Asia Pacific Report asked Singh what advice he would give to other aspiring Pacific journalists: “My advice would be that if you have the will and courage to stand and speak for what is right to improve our society, then become a journalist. It’s more exciting and satisfying than you think.”

Chief guest

The chief guest at the awards night was former USP lecturer Dr Philip Cass who founded Wansolwara in 1996 and now teaches at UNITEC in Auckland.

Founding Wansolwara editor, Professor Philip Cass, also presented at the 2016 World Journalism Education Congress in Auckland. Image: PMC

Wansolwara has gotten more ambitious, covering issues from across the Pacific region,” Cass said in a statement featured in the Fiji Times.

“I think over the years, Wansolwara has become a lot better and has certainly won a lot of awards. This certainly has reflected the hard work done by my successors and all the staff who have worked on it over the years.

“This is a very special moment for me to think that it has survived this long and has prospered this much. I was very touched and I am very grateful for this invitation.”

Wansolwara is now the longest surviving student publication in the Pacific region and continues to cover serious news on a quarterly basis.

USP journalism coordinator Dr Shailendra Singh said the awards have been an important event in university’s journalism calendar, since it was introduced by the Pacific Media Centre’s Professor David Robie.

‘Well supported’

“The awards are well supported by the news media industry in Fiji who sponsor the prizes,” Dr Singh said.

“News media industry representatives attend the function and present the prizes in person, which is a boost for the future journalists of the region.”

Dr Singh said the need for well-trained journalists had increased with the onset of social media and citizen journalism, especially in the face of the ongoing development problems faced by the region.

‘Young journalists’

“It is very important to encourage potential young journalists by recognising, incentivising and rewarding good examples of journalism,” said Dr Singh.

“The awards have become an important occasion in the USP journalism calendar over the years, given USP’s critical role in nurturing the future journalists to meet the needs of the region.”

The USP Journalism Programme has produced more than 200 graduates. Many are now working in various media roles throughout the Pacific and beyond.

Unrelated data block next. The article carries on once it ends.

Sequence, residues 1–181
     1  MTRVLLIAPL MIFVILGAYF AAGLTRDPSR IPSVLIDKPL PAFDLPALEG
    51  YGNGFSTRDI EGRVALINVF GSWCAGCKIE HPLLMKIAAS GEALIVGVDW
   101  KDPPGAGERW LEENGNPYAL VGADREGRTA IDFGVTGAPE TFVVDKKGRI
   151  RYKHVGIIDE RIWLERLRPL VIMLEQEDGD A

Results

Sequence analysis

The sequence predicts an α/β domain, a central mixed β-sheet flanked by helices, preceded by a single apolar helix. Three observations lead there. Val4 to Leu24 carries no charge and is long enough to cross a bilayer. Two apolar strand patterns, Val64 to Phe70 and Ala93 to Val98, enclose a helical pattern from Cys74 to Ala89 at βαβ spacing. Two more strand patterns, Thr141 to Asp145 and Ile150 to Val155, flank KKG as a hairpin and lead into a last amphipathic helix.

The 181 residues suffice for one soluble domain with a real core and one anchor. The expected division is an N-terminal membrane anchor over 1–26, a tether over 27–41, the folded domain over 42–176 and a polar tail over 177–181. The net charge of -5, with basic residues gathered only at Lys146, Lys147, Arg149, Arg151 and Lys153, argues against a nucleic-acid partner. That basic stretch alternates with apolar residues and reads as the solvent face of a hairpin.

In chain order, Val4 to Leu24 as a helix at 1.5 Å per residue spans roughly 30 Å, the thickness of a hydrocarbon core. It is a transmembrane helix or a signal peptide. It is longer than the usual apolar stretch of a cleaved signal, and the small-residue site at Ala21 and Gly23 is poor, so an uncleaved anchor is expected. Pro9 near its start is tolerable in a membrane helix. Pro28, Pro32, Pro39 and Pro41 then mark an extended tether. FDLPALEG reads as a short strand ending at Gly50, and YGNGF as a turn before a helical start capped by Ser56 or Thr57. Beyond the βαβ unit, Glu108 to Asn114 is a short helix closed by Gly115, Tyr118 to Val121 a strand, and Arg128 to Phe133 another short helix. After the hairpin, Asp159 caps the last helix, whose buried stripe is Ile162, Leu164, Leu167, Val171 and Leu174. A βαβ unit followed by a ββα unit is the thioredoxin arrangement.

Top journo students honoured on USP’s award night

MIL OSI – Source: Evening Report Arts and Media

Headline: Top journo students honoured on USP’s award night

Article by AsiaPacificReport.nz

Fiji Broadcasting Corporation’s news bulletin featuring interviews with the awardees at USP’s Journalism Awards 2016. Video: FBC

The University of the South Pacific hosted its annual journalism awards this month, honouring some of the top students who report for the journalism programmes multi-award winning student newspaper.

Eleven students of USP’s Journalism Programme were presented with media awards.The ceremony was held in the AusAid theatre in Laucala Bay, Suva. Image: Fiji Times

Wansolwara, USP’s training newspaper, was also commemorated for its 20th year of publishing.

Journalism student Chrisnrita Aumanu received the award of Best Wansolwara Editor, sponsored by Fiji publication Business Melanesia.

She told Asia Pacific Report that she enjoyed her role as student editor this year and was humbled to receive the award.

‘Challenging times’

“There would be challenging times, for example, running out of stories to put on the pages and looming deadlines. But at the end of the day when the challenges are dealt with, and with the great help from our tutors, it’s a great feeling.”

She said one of the successes for 2016 was this years first edition of the newspaper, when  student journalists dedicated two-pages of the publication to TC Winston, the biggest cyclone ever to hit the Fiji islands.

Aumanu said being an editor has pushed her out of her comfort zone. Originally from the Solomon Islands, she hopes to bring her experience home to give back to her country.